The reason I bring this up is because Marlin and Smoothieware, both organizations that create open-source software for 3D printers, have recently released software for CNC machining. The only thing missing is the stepper motor drivers, as the TMC family of drivers can only handle 4 Amps and those drivers are still expensive and rare. Anyway, do they have a CNC routing software package that communicates only in G-code?


Rick
 

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Anyway, do they have a CNC routing software package that communicates only in G-code?
G-code is what I send to Mach4. I generate the G-code in either Fusion 360 or Carveco.
 

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Mike,
I am curious as to why Ethernet would have an advantage over USB for motion control. As for using a printer port, yes, this is archaic legacy technology and I am surprised it is still widely used. However, more important is why these CNC controllers have not evolved? I come from a 3D printer background (designing/building them) and the USB port is used almost exclusively for transferring G-code to and from the controller. Simply speaking, the 3D printer controller is the actual brain that does all the kinetic calculations for motion. Furthermore, the simplistic method of providing only step and direction is primitive compared to using a SPI bus or UART based TMC stepper drivers that have a plethora of options including smooth stepping and sensorless homing, just to name a few.

The reason I bring this up is because Marlin and Smoothieware, both organizations that create open-source software for 3D printers, have recently released software for CNC machining. The only thing missing is the stepper motor drivers, as the TMC family of drivers can only handle 4 Amps and those drivers are still expensive and rare. Anyway, do they have a CNC routing software package that communicates only in G-code?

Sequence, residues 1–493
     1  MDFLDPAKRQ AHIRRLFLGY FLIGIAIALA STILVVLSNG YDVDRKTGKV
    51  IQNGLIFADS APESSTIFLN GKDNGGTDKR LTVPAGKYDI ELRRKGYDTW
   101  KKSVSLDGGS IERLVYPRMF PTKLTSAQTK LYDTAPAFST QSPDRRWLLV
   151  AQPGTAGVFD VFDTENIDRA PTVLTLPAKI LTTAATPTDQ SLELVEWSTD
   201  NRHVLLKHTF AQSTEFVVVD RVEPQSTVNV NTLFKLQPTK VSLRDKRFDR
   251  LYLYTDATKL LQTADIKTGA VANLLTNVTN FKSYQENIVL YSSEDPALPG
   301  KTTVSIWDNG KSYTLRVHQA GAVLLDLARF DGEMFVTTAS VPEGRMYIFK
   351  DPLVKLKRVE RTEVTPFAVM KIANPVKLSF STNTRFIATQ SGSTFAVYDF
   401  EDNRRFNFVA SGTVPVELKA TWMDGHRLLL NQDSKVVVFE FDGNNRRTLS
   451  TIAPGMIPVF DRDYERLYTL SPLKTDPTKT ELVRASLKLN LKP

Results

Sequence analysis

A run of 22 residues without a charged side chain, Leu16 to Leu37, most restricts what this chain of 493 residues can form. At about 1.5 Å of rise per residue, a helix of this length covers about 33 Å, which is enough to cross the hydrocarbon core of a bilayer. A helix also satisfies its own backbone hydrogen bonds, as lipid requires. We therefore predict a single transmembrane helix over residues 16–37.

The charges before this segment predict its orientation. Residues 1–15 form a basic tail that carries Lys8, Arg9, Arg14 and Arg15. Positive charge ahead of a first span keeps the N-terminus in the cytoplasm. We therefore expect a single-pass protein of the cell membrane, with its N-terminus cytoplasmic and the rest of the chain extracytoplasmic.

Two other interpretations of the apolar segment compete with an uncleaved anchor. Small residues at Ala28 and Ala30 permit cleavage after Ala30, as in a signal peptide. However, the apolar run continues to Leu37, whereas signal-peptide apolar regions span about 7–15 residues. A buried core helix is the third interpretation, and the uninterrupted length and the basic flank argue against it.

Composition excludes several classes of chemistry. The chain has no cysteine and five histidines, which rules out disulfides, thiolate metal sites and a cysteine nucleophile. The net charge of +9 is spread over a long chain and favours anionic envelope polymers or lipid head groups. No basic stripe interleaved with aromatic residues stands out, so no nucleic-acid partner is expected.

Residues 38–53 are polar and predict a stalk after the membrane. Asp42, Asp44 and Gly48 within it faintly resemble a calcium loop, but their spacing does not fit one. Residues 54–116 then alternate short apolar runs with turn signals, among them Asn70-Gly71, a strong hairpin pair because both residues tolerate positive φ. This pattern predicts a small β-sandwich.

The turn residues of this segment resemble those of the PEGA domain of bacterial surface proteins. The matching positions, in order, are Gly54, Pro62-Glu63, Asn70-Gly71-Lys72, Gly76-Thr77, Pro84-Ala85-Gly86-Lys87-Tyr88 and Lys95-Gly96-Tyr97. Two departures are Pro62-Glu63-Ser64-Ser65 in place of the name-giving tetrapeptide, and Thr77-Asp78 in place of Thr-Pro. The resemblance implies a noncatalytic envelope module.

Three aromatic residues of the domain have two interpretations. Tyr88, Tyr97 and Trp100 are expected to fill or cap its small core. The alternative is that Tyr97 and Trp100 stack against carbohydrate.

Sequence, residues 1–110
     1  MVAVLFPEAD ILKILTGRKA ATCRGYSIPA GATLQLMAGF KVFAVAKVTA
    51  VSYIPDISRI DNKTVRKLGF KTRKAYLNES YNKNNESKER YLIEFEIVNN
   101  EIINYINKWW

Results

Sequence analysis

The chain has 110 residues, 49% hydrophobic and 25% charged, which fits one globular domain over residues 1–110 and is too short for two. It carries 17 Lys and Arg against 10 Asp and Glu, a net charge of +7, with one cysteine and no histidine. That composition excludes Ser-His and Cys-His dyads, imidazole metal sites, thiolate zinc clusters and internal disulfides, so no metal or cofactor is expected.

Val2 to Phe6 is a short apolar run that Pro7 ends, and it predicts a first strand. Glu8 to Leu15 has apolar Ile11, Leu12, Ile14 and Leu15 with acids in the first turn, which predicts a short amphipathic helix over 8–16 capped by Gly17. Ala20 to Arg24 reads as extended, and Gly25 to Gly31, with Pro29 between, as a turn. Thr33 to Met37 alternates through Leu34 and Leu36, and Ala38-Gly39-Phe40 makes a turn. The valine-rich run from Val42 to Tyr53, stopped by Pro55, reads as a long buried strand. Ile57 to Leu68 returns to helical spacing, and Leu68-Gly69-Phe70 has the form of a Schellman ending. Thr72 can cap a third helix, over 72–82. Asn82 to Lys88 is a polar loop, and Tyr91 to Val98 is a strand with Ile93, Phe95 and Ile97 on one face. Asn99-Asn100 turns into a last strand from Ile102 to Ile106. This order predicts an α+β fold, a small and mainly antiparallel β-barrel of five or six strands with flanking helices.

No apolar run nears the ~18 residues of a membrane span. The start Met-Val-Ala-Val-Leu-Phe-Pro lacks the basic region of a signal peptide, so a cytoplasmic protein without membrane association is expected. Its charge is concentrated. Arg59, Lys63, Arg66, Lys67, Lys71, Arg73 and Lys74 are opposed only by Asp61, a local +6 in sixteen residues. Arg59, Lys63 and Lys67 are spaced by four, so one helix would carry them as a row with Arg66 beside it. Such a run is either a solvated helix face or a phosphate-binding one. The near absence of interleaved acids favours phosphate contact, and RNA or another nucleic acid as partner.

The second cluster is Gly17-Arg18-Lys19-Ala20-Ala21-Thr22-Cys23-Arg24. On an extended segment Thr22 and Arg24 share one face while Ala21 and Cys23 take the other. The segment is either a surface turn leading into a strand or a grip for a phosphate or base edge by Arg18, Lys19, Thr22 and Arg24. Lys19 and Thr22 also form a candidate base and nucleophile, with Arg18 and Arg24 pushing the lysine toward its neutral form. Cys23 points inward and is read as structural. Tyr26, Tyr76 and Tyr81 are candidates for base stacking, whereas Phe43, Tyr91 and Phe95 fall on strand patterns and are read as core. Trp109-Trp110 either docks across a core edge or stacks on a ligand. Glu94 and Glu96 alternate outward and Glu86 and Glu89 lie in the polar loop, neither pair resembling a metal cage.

Rick
Smoothstepper used to have some information on their website, but they did at one time recommend the Ethernet version over the USB. It looks like they recently revamped their website so I cannot find that information now. I believe a lot of it has to do with the way the ethernet is grounded which keeps the computer and controller better separated. Also the twisted pair of an ethernet cable is better at blocking interference then many of your USB cables. Think about this, a CAT 6 ethernet cable is able to communicate a lot of data reliably up to 100 meters in length vs. the 30 meter limit on USB cables. Even at the much shorter lengths we use for our CNCs this is a benefit. Typically a CNC is in a woodshop with dust collection and sometimes other tools running. Each one of these machines generate an EM field that can cause interference. This makes ethernet the more reliable option for a CNC.
 

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snip - Also the twisted pair of an ethernet cable is better at blocking interference then many of your USB cables. Think about this, a CAT 6 ethernet cable is able to communicate a lot of data reliably up to 100 meters in length vs. the 30 meter limit on USB cables. Even at the much shorter lengths we use for our CNCs this is a benefit. Typically a CNC is in a woodshop with dust collection and sometimes other tools running. Each one of these machines generate an EM field that can cause interference. This makes ethernet the more reliable option for a CNC.
Thanks for that. Yes, I do agree with you that Ethernet is much more reliable, can travel longer distances, and has better common mode noise immunity since it uses isolation transformers. However, I have four extra USB ports and only one NIC. BTW- 6 meters is the best I've seen for USB.

Regards,

Rick